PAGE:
While this would also not be the complete picture, it gives us more clarity on the pendency problem, in comparison with the number of cases filed. From these numbers, it is evident that, whether in terms of the absolute number of cases pending per judge, or in relation to the number of cases filed per judge, the High Courts suffer from the worst pendency problem among the three layers of the Indian judiciary. Even among the High Courts, there are significant differences in the burden of pendency. If one looks only at the ratio of cases pending per judge to the number of cases disposed of in a year per judge, the highest numbers are found in the High Courts (as given in Table 2).

Though there are other High Courts with a higher absolute number of cases pending, the five High Courts that feature in Table 2 are those where the pending cases are extremely high in relation to the disposal over a year. In simpler terms, the ratio indicates the number of years these High Courts will need to reduce their pending cases to zero if no further cases are filed in that time. While these are just the High Courts with the worst problem, the overall situation with High Courts when it comes to the ratio of pending cases to the disposal rate, when compared with the Supreme Court and the district courts, is also troubling.

There is another reason not to give credence to an absolute number of cases pending—there is no universally accepted definition of what is a case across courts. This problem was highlighted by the Law Commission of India in its 245th Report titled “Arrears and Backlog: Creating Additional Judicial (wo)manpower” when it sought to try and assess what would be a realistic number of judges needed at the district court level in India. What the Law Commission found was that each State, and even each district, seemed to have different norms for what counts as a “case”. In some instances only the main proceedings were counted; in others, even applications and interim proceedings within a case were counted as a separate case. The absence of a single, unified definition of what is a “case” must make us treat any national number of “pendency” with circumspection and look to address the problem at the level of each State.

Delays

As with the problem of pendency, the discussion on delays has proceeded with little thought for the actual numbers or an overall accurate picture of how long a case takes to get disposed of in the system. Most coverage of the judicial system in India pivots on an anecdote or two about a long-standing rent, property or criminal matter, which took the better part of a couple of decades to be decided, or worse, is still pending. An egregious example of such a delayed case can be seen in the Supreme Court’s judgment in DDA vs Anant Raj Agencies where the proceedings culminated after a scarcely believable 41-year-battle in court, having gone through every level of the judicial system between 1975 and 2016.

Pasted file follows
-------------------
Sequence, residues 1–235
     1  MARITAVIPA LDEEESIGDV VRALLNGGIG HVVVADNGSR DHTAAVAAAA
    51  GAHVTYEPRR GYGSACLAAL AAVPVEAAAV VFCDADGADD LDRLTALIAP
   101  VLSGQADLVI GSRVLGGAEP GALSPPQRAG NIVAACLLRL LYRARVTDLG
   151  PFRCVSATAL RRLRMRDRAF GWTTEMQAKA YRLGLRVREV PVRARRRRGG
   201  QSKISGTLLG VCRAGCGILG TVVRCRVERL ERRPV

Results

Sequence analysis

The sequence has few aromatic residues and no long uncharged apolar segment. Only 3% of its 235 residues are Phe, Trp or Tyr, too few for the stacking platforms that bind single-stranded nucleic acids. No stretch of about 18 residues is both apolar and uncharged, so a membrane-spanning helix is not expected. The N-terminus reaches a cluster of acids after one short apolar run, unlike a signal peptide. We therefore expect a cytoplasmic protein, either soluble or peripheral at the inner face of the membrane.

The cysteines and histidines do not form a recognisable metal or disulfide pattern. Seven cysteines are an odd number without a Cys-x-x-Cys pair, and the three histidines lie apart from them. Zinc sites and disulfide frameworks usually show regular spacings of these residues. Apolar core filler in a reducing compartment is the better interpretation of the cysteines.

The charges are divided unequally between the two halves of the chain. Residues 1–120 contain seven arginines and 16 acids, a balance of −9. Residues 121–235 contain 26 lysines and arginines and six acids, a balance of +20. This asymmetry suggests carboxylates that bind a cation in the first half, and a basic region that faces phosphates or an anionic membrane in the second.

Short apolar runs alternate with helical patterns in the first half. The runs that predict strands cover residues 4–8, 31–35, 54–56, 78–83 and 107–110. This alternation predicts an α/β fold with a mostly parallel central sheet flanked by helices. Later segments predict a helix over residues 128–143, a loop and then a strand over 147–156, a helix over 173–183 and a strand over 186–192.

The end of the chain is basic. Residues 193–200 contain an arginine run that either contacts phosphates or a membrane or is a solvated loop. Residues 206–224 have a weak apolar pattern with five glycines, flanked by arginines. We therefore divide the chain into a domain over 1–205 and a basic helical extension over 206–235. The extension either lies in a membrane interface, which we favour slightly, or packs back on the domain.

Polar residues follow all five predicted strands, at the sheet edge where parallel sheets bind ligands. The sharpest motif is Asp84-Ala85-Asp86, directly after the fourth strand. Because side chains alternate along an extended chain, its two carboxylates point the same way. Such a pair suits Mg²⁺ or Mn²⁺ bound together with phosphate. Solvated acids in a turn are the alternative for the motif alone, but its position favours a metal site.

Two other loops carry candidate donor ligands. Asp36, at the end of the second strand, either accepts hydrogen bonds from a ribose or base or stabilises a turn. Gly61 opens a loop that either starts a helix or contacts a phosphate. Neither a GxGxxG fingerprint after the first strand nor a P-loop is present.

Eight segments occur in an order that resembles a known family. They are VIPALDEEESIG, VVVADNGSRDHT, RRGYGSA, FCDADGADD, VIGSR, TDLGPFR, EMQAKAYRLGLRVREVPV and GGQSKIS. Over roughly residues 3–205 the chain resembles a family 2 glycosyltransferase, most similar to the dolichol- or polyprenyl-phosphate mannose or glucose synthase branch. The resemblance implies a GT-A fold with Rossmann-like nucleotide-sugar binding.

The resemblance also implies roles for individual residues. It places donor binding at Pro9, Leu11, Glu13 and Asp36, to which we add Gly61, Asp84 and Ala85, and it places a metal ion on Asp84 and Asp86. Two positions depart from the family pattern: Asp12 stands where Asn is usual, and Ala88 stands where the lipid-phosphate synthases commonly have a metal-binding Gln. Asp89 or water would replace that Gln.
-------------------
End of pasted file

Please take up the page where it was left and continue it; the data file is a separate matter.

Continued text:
Yet, examples such as these, egregious as they are, cannot form the complete basis to understand what actually ails the judicial system. To do this, one must examine the data on how long cases have actually been pending in the judicial system. In the context of district courts, the data for this are present on the National Judicial Data Grid (NJDG), which gives a break-down of how long cases have been pending in the system. The NJDG was made public in September, 2015, as part of the e-Courts project, connecting all district courts which have been computerised on to one platform where cases can be easily monitored. While not all district courts are on the system at the moment, details of over two crore pending cases are currently available, enough to give us a good idea of what the picture is likely to be over how long cases have been pending in courts (see Table 3).

As of May 4, 2016, 27.81 per cent of all cases were pending for more than five years, with 10.28 per cent pending for more than 10 years. If any effort has to be made at addressing the problem of delays, it is these cases that deserve immediate focus to ensure that no case is pending in a given court for more than five years. Once that is ensured, efforts can be made to reduce the number of cases pending for more than two years, and so on. Given the scale of the problem it may be impossible to ensure no case is pending for more than five years, but if the overall percentage is brought down to a minuscule or negligible figure, significant progress will be made.